The promise of new life is a precious gift, and expecting parents often have many worries and concerns for their babies both before and after delivery.
Necrotizing enterocolitis is a serious disease that can be present at birth or within the first few weeks following. This condition initially affects the intestinal walls, but can quickly develop into an infection that spreads throughout the body. It is important to know the signs and symptoms for early detection and treatment options, and to identify the possible necrotizing enterocolitis causes.
Necrotizing enterocolitis itself is a dangerous condition. Progression of this disease can lead to extensive permanent damage to the intestinal, bowel, and stomach linings. Any problems in these areas can lead to more serious complications such as digestive disorders and widespread infection. Let’s learn of the underlying impact of necrotizing enterocolitis.
What Is Necrotizing Enterocolitis?
Necrotizing enterocolitis refers to the death of damaged cells within the intestine. To breakdown this medical term, necrotizing signifies cell damage and death, entero is the intestine, and colitis is the inflammation of the colon, which is the large intestine.
This disease targets the damaged tissues in the lining of the intestine, which results in the whole intestine becoming inflamed. This inflammation causes the intestine to malfunction, and as the disease progresses, the damage can cause a hole to form in the intestine. Any bacteria particles in the intestine may then escape into the abdomen and bloodstream, and cause infection to spread quickly throughout the body.
Over the past century, this condition has plagued preemies and newborns, and has become the most common gastrointestinal condition in babies. It is seen in 60% to 80% of all premature cases, and in 10% of full-term births for infants weighing less than four pounds.
Who Is at Risk for Necrotizing Enterocolitis?
Necrotizing enterocolitis is seen within the first few weeks of life. Most cases affect preemies born before 32 weeks of gestation, but it can be seen in full-term newborns if they present other serious health conditions or are at a low weight. This causes issues with proper circulation, proper digestion, and combating infections.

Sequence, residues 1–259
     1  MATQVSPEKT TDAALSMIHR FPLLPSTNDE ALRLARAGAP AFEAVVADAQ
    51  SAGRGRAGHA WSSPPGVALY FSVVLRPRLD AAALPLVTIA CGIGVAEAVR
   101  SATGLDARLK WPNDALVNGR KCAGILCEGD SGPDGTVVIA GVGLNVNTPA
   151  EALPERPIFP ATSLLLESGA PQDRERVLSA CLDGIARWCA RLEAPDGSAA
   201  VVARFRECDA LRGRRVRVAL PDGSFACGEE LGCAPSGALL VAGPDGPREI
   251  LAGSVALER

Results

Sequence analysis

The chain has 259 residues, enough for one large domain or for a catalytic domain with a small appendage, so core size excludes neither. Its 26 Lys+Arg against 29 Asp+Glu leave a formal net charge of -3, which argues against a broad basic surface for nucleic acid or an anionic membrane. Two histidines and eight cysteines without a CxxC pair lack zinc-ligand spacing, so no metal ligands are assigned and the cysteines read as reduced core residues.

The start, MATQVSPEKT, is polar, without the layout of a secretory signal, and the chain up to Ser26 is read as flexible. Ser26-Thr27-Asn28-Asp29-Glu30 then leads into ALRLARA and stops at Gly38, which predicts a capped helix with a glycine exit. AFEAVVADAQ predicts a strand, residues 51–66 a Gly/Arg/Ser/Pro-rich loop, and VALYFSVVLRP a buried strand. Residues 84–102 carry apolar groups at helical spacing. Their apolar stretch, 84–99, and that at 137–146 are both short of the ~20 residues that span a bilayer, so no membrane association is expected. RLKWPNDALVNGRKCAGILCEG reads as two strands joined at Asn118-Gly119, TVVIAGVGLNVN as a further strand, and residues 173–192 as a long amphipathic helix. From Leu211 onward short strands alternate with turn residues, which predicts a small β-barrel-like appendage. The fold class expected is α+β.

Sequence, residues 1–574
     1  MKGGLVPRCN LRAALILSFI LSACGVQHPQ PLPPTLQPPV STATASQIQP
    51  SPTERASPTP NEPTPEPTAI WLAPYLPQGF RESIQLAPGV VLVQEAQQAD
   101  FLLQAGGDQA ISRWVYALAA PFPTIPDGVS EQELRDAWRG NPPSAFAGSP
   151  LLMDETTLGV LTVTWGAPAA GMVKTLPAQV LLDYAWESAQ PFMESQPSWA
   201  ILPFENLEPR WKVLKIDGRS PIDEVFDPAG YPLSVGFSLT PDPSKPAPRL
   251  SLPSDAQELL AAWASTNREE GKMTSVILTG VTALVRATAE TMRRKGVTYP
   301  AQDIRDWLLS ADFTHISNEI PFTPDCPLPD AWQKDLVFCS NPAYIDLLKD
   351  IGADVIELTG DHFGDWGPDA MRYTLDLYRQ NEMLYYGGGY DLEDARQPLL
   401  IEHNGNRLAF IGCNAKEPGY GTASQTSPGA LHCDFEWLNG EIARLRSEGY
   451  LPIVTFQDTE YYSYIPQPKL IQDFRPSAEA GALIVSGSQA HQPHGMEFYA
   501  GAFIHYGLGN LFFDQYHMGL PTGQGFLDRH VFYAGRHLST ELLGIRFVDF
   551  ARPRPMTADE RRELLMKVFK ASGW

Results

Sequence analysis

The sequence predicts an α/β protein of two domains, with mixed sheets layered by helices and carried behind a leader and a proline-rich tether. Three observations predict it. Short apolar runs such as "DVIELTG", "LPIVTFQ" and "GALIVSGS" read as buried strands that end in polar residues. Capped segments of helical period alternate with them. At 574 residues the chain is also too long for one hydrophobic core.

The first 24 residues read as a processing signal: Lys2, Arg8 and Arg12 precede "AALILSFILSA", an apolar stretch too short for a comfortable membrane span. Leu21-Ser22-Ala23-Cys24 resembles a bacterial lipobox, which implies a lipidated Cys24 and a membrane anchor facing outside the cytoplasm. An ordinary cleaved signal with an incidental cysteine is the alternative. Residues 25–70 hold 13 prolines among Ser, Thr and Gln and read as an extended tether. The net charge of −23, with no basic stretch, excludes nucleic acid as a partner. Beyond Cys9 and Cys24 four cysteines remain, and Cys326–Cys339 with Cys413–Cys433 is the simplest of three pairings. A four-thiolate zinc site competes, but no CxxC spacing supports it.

Although a rare condition, necrotizing enterocolitis is known to be prevalent in premature newborns receiving formula, whether orally or through a feeding tube. The chances for developing this disease are little to none with babies receiving breast milk.
Low oxygen levels at birth can also put babies at risk, as any oxygen and blood is naturally drawn from the intestinal tract toward the vital organs that require more.
Preemies at risk can also include those born with excessive red blood cells, those who have received blood transfusions, and those with gastrointestinal infections.
Necrotizing Enterocolitis Causes
The exact cause of necrotizing enterocolitis has yet to be determined. Aside from the aforementioned risk factors, premature babies may develop this condition with weak intestines and lungs at birth. Babies born early may have underdeveloped intestines as well as other underdeveloped organs. Any bacteria entering the intestine will damage the tissue cells. Essential blood and oxygen are less likely to be easily transported throughout the body. This can lead to digestive problems and an inability to fight new infections.